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Simple and effective graphene laser processing for neuron patterning application.

Lorenzoni M, Brandi F, Dante S, Giugni A, Torre B - Sci Rep (2013)

Bottom Line: Primary embryonic hippocampal neurons were cultured on our substrate, demonstrating an ordered interconnected neuron pattern mimicking the pattern design.Surprisingly, the functionalization is more effective on the SLG, resulting in notably higher alignment for neuron adhesion and growth.Therefore the proposed technique should be considered a valuable candidate to realize a new generation of highly specialized biosensors.

View Article: PubMed Central - PubMed

Affiliation: Nanophysics, Istituto Italiano di Tecnologia, Genova, Italy. matteo.lorenzoni@iit.it

ABSTRACT
A straightforward fabrication technique to obtain patterned substrates promoting ordered neuron growth is presented. Chemical vapor deposition (CVD) single layer graphene (SLG) was machined by means of single pulse UV laser ablation technique at the lowest effective laser fluence in order to minimize laser damage effects. Patterned substrates were then coated with poly-D-lysine by means of a simple immersion in solution. Primary embryonic hippocampal neurons were cultured on our substrate, demonstrating an ordered interconnected neuron pattern mimicking the pattern design. Surprisingly, the functionalization is more effective on the SLG, resulting in notably higher alignment for neuron adhesion and growth. Therefore the proposed technique should be considered a valuable candidate to realize a new generation of highly specialized biosensors.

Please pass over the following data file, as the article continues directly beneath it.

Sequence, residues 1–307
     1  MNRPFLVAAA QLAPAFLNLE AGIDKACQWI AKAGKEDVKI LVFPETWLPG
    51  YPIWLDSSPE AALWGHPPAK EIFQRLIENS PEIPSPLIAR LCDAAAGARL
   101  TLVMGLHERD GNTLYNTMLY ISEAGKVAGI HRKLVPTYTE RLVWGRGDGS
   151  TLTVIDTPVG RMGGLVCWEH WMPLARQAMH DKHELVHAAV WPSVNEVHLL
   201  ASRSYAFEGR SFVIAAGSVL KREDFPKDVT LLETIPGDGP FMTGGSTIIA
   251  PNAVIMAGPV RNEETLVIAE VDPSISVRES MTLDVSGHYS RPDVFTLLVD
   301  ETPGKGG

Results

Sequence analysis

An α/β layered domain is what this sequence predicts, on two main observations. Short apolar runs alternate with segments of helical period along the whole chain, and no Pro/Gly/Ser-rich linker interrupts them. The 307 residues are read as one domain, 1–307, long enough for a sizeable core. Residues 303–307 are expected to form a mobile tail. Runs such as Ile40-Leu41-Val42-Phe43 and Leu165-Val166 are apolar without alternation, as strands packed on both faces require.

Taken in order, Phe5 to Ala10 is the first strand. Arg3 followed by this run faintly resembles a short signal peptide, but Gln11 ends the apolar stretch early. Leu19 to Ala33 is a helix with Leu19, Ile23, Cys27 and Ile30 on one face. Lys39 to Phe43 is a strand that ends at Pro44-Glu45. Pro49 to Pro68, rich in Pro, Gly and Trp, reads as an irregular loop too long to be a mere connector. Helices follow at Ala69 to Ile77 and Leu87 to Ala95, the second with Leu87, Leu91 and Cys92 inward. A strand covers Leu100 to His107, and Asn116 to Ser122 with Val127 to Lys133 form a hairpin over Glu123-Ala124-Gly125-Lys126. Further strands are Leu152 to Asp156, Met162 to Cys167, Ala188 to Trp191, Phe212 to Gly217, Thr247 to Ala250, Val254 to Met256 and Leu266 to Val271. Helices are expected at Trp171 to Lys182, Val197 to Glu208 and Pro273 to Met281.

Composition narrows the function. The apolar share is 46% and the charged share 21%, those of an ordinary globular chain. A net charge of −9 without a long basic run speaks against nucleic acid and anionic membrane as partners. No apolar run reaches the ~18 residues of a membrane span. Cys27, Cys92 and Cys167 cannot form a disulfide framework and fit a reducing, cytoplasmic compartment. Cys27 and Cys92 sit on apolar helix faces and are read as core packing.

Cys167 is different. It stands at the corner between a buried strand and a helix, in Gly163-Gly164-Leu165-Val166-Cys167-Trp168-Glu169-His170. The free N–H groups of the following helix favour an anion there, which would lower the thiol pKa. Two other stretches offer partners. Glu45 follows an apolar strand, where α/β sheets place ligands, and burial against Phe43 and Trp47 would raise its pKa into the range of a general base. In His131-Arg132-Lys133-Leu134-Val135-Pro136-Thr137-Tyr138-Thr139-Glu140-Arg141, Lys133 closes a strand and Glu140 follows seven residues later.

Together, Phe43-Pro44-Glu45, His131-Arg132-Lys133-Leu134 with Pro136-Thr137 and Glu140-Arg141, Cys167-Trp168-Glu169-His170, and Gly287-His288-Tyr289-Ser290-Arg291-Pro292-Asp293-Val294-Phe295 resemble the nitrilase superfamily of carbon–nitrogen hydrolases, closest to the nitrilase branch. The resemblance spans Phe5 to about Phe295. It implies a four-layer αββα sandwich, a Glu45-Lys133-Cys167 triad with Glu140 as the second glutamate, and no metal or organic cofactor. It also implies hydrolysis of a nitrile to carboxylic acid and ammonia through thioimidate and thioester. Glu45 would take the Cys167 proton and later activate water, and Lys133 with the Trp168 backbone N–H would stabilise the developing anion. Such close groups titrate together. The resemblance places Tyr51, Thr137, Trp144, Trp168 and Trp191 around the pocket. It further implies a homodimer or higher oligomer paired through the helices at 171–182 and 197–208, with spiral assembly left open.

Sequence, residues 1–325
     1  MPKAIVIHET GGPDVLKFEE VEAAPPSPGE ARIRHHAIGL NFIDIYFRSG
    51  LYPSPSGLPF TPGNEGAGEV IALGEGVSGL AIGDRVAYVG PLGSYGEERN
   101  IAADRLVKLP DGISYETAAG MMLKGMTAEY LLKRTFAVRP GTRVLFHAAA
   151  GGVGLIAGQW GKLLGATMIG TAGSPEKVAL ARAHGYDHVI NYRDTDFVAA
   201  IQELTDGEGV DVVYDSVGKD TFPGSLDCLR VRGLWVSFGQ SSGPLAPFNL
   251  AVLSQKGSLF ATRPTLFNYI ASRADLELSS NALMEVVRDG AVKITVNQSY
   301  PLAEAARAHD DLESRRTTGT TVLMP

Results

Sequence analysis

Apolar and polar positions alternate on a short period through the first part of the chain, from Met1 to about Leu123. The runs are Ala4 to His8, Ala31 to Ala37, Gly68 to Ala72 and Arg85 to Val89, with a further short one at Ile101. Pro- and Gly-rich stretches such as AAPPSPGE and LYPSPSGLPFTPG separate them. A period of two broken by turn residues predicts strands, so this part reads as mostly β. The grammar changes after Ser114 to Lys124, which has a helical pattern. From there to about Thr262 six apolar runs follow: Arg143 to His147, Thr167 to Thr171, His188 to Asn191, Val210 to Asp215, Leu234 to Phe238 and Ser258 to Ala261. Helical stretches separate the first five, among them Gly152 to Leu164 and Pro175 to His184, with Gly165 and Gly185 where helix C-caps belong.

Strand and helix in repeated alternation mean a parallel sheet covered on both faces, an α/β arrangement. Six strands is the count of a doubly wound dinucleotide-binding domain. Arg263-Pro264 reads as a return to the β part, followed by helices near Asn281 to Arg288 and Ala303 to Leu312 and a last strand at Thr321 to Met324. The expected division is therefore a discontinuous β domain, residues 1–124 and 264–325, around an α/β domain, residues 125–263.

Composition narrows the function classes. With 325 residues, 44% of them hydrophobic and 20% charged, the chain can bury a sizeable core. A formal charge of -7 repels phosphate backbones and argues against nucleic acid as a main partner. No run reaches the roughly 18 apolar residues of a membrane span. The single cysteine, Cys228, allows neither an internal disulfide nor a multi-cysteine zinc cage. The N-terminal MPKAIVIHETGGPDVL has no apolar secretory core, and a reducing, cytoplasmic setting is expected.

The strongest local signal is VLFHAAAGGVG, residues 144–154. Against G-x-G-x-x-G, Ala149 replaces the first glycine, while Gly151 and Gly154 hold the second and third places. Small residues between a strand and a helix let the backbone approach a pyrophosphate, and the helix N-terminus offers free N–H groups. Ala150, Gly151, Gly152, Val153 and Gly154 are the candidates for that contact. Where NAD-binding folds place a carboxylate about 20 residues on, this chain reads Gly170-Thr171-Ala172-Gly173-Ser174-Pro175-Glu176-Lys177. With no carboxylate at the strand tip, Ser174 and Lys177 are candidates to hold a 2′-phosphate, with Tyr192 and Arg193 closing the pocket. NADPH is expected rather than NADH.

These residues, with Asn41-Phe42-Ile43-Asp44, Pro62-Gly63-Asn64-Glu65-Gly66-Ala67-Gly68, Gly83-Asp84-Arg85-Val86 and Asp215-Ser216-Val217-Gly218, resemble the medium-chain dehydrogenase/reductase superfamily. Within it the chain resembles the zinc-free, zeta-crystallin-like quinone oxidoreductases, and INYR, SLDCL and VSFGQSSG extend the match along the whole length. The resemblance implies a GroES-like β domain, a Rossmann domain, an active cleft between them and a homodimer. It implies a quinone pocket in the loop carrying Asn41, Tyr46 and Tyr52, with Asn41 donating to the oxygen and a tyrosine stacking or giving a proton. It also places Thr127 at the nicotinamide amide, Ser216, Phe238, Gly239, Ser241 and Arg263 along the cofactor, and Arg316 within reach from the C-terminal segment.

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Related in: MedlinePlus